Sometimes a video we watch in class triggers a flashback. With a flashback, it takes me a while to come back to the present. I sit in class trying to hide what is going on in my head and orient myself to time and place. I pray the professor doesn’t call on me until I’m myself again.
8. My social anxiety makes group work and presentations difficult.
Due to my social anxiety, group work is hard. I worry about how my group will perceive me and whether I am doing and saying the right things. Presentations are even worse, even with a group. Presentations cause me to panic. I have to work so much harder to prepare for the presentation and manage the anxiety that comes along with it.
9. I’m not able to stay up late to study.
I’m jealous of classmates who can stay up until 3 a.m. studying for a test or finishing a paper. I can’t do that. In order to stay mentally stable, I need to get a good night’s sleep. I also struggle with insomnia, and I need to take two different medications to help me sleep. I have to keep a schedule in order to be healthy. I wish I could stay up late studying, but it’s not an option for me.
10. Having difficulty organizing my thoughts.
Part of my mental illness is that my thoughts get scattered and disorganized. My thoughts race and flip between topics. It makes it difficult for me to organize my thoughts in order to study and complete assignments, and sometimes in order to participate in class.
11. Social anxiety makes it hard to befriend classmates.
I wish I could befriend more classmates. It would be great to have a study partner or someone to vent to when I’m stressed or someone to ask questions when I’m trying to figure out an assignment. I’ve made a few friends, but with my social anxiety, it’s hard. It would help if I had friends to support me as I go through school.
12. I often feel like I need to hide all of this.
It can be really burdensome trying to hide my inner mental struggle. I keep smiling and acting like I am OK. I don’t want my professors to think I’m unstable and not able to handle counseling. I want my classmates to think I am smart and nice. So I sit in class silently struggling. I come to class manic, depressed, anxious, dissociating and having flashbacks, but somehow I am able to hide it all It works but it so hard to hide everything inside.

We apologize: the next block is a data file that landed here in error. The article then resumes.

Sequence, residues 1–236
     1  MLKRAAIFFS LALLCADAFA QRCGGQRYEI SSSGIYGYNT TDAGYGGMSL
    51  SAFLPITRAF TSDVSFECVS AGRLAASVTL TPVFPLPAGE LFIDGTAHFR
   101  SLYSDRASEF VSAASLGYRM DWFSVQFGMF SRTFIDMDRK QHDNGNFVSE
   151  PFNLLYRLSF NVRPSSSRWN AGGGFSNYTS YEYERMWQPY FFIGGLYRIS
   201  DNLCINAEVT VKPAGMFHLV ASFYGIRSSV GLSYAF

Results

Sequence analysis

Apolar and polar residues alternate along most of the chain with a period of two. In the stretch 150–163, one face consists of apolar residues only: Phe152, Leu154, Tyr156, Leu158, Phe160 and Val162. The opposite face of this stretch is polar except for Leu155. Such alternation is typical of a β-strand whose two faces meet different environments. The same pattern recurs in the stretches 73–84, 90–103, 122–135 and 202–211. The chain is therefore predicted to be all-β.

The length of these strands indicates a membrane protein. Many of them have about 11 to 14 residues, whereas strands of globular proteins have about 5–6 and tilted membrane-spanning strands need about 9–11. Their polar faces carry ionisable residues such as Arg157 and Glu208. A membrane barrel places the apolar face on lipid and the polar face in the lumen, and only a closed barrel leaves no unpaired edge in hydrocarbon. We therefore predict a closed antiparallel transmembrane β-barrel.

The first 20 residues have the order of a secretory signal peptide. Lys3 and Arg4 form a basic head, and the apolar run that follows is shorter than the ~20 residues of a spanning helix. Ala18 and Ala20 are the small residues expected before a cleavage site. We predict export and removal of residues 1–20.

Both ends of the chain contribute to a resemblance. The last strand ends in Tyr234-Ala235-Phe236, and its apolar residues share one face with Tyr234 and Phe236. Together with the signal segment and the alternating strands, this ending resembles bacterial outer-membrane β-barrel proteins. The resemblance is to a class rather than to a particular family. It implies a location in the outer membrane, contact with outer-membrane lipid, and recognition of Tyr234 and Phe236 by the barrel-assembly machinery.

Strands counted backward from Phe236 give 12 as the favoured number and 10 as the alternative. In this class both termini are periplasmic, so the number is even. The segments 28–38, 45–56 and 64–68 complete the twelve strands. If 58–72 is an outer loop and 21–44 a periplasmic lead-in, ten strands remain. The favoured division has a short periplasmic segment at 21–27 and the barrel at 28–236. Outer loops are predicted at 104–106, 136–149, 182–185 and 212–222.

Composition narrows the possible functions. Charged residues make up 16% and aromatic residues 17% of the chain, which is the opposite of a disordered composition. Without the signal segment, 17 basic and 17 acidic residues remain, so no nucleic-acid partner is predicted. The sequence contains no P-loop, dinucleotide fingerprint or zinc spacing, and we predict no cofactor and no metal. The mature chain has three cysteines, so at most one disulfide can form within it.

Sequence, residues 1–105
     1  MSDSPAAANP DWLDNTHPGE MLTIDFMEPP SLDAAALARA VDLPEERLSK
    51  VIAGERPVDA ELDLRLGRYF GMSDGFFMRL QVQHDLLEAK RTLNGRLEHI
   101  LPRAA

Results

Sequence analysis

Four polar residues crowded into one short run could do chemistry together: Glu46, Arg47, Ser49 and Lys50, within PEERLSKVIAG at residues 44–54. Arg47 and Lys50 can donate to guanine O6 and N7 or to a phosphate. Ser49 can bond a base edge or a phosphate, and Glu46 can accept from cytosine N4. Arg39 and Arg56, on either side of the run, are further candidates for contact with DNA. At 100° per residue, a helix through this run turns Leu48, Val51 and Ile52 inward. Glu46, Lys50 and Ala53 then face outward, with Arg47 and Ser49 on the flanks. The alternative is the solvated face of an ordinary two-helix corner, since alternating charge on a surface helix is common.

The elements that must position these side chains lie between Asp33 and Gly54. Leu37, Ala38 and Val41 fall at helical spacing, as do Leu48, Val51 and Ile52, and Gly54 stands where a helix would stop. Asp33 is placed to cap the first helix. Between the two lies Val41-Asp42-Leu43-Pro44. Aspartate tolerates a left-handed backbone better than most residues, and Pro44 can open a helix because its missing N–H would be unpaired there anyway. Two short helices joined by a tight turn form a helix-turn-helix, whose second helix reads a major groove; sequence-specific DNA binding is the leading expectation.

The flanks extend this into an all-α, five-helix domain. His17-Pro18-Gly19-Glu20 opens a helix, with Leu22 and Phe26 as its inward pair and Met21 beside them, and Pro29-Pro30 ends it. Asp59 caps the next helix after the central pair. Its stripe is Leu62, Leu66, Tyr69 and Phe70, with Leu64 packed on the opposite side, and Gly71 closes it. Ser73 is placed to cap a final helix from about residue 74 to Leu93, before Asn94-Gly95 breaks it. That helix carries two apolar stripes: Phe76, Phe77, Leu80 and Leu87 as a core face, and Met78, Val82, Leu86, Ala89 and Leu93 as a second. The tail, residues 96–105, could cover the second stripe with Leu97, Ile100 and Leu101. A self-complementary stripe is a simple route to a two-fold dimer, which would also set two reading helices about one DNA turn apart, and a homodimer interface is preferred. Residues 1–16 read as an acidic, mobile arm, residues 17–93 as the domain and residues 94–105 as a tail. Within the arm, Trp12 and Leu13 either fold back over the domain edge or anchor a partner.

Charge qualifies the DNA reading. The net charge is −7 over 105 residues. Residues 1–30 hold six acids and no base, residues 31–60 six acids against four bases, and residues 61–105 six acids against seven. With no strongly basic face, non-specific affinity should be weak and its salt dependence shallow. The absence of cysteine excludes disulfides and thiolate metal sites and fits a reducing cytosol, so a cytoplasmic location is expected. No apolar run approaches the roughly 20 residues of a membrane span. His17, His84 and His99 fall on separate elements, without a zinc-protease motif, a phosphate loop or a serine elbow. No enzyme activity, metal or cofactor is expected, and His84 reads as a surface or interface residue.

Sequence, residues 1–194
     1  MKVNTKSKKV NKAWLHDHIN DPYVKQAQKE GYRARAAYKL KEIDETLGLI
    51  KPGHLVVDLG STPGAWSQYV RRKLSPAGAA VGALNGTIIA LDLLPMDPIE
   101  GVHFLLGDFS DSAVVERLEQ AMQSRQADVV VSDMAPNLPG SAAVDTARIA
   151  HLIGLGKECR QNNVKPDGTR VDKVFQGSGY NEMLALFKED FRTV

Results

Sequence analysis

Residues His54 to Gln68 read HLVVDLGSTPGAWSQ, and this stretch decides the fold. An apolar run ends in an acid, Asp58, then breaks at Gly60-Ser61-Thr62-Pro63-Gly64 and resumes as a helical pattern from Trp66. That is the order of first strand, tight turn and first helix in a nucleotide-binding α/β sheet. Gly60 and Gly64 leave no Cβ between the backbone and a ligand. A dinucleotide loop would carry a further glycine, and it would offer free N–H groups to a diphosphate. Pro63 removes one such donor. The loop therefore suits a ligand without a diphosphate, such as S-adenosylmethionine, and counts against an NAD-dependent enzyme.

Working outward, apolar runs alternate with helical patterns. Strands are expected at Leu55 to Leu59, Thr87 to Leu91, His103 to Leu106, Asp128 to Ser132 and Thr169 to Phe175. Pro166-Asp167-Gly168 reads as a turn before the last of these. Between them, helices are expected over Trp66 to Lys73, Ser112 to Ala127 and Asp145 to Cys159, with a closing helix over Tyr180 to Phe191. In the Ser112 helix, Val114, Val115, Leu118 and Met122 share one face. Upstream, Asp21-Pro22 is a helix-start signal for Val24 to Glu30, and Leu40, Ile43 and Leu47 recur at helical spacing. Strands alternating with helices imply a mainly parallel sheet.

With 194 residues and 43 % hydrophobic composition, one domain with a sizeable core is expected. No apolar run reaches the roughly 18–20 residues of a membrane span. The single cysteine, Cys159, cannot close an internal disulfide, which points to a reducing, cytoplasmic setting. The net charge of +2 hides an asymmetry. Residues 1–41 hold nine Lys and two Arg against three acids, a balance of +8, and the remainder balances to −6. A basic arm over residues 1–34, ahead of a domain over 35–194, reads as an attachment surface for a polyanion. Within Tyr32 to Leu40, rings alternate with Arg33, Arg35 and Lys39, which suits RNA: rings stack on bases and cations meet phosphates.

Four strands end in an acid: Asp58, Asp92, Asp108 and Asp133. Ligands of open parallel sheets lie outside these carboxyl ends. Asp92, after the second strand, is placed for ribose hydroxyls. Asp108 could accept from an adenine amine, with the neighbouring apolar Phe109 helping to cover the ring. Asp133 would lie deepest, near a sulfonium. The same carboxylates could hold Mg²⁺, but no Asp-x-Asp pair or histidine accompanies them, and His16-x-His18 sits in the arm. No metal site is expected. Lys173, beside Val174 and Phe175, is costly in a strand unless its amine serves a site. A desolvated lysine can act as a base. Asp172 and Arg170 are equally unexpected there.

13. I feel like I need to prove people with mental illness can do just as well as everyone else.
I am proud that I am able to handle my mental illnesses and still do well at work and school, have stable friendships and a stable marriage. I always want to prove to people it is possible to have a mental illness and accomplish these things. I am proud that I excel in my classes. But in my desire to prove I can do as well as everyone else, I put this tremendous pressure on myself. The pressure of trying to show people with mental illness can excel weighs heavily on me, making school more difficult and causing me to be afraid to ask for help when I’m struggling to keep up.
Sometimes I wish my professors knew how hard school is for me. It would be nice if they gave me allowances to turn work in late or take exams at a different time, on weeks where my mental illness makes studying, reading and homework nearly impossible. But my desire to prove I can do just as well in school as other people pushes that idea away. I want to be treated as “normal” and I don’t want to be labeled as mentally ill and needing extra help. My mental illness means I have to work three times as hard. But I am persisting. I believe I will do well in school, graduate, get my counseling license and excel as a counselor — despite the fact that everything is harder for me. Despite my difficulties, I’m two years into a master’s program and have gotten a 98 percent or better in every class but one. It’s hard, but I believe it will all be worth it in the end when I become a counselor and can use my own experience to help others.
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Thinkstock photo via elenabs.